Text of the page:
Since the geometry in this case is quite simple we can omit it and directly proceed to manually create the grid through using the grid primitive functions (*fea.geom* fields are only used by the unstructured grid generation function *gridgen*). The computational grid is thus here created by taking a circle (circgrid), extruding, and revolving it to create the filament spiral (gridrevolve).

```
% Geometry dimensions in [m].
r_wire = 0.0005; % Wire radius.
l_spiral = 0.005; % Length of spiral.
r_spiral = 0.004; % Outer radius of spiral.
fea.sdim = { 'x' 'y' 'z' };
fea.grid = gridrotate( gridrevolve( ...
circgrid( 2, 3, r_wire ), ...
80, l_spiral, 3, r_spiral ), ...
-pi/2, 2 );
```

The resulting grid and boundaries can be visualized with the `plotgrid(fea)`

and `plotbdr(fea)`

commands, respectively.

## Electrostatics

The model is quasi-static in the sense that the electric potential solution is static while the overall heat transfer process is examined as a function of time. Although we could solve this as a monolithically coupled problem (solving for *T* and *V* simultaneously together), the electric potential problem is assumed to be independent of the temperature (the electrical conductivity is constant) and can thus be solved separately as a steady state problem by itself, that is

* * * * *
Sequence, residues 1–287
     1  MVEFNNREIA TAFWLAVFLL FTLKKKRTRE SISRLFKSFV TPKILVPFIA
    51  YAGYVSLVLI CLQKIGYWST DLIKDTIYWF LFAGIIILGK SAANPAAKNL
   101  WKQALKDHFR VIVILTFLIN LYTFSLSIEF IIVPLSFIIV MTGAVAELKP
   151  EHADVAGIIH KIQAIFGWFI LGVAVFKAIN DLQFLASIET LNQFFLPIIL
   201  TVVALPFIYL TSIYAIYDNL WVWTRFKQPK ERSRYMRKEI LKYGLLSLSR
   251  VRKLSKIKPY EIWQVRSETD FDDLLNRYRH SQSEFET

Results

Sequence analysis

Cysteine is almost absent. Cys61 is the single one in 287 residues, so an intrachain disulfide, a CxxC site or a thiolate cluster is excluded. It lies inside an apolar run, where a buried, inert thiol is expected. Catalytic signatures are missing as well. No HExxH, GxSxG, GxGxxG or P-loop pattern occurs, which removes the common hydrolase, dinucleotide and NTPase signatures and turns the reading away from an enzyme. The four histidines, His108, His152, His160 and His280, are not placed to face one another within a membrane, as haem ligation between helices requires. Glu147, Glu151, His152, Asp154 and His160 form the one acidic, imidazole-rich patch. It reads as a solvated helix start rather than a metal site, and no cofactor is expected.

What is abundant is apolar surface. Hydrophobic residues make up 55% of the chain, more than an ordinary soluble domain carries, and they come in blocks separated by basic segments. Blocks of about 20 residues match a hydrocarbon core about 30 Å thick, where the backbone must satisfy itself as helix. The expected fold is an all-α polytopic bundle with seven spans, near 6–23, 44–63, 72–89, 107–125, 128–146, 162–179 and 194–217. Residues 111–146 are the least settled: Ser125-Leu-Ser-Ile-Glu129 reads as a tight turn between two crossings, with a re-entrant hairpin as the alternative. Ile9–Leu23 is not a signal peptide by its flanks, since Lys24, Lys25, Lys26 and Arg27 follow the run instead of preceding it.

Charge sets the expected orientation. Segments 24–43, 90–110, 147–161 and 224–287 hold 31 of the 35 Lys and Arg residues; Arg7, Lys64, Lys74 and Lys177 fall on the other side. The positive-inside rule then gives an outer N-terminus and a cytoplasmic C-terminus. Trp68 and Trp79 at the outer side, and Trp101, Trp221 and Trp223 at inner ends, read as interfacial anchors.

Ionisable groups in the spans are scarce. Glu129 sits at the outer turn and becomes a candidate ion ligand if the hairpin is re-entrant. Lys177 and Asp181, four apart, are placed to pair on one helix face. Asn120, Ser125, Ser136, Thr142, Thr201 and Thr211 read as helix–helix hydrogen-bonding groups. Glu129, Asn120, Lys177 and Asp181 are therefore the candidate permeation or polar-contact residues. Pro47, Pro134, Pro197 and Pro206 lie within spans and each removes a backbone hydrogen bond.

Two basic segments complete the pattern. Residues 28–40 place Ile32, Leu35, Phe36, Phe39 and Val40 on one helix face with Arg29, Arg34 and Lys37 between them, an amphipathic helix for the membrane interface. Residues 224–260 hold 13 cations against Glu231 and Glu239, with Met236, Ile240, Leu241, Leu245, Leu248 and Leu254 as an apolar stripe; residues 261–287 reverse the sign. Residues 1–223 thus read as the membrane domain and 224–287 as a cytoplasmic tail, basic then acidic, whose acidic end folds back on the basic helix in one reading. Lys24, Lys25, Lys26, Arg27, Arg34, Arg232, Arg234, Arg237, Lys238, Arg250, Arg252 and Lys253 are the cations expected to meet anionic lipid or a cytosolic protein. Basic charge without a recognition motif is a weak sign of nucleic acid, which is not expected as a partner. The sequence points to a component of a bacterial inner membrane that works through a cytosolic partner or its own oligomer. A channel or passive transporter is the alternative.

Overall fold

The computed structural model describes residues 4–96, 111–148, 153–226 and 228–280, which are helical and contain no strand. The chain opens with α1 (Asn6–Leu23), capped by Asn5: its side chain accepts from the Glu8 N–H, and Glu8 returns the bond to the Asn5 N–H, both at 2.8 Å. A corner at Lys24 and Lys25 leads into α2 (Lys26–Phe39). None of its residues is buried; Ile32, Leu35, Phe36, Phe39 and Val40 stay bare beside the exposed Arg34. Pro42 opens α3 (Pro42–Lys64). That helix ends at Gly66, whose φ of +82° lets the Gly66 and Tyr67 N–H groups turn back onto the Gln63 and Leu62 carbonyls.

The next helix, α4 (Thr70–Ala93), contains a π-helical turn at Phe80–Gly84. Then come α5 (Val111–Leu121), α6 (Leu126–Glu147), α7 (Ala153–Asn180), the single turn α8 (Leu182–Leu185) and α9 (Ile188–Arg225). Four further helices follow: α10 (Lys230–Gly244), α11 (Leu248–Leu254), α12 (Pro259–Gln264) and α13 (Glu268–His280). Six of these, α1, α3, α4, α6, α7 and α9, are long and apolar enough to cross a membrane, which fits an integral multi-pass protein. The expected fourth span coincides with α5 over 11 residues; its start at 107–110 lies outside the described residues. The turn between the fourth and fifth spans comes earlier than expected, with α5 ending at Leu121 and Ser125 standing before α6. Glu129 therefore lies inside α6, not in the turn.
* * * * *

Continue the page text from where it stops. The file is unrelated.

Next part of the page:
with insulation boundary conditions, , everywhere except for the two ends where the potential difference *V0* is applied. In the Matlab m-script of language used by FEATool this looks like the following

```
% Set up and solve electrostatics problem.
feaV = addphys( fea, @conductivemediadc );
feaV.phys.dc.eqn.coef{2,end} = {sigma}; % Electrical conductivity.
feaV.phys.dc.bdr.sel([1 98]) = 1;
feaV.phys.dc.bdr.coef{1,end}{1} = V0; % Potential difference.
feaV = parsephys( feaV );
feaV = parseprob( feaV );
feaV.sol.u = solvestat( feaV );
```

Note that here an alternative help variable for the FEM struct belonging to the electric potential has been used, `feaV`

.

## Heat transfer

The heat transfer problem for the temperature field is governed by the heat equation PDE

where here the electric potential is also the source of heat generation with the term . Thus this equation features a non-linear one-way multiphysics coupling, *V* coupled to the temperature *T*. As for interaction with the surroundings the temperature is fixed at *T = T0* at both ends while radiation flux boundary conditions are applied everywhere else. The following code sets up this heat transfer problem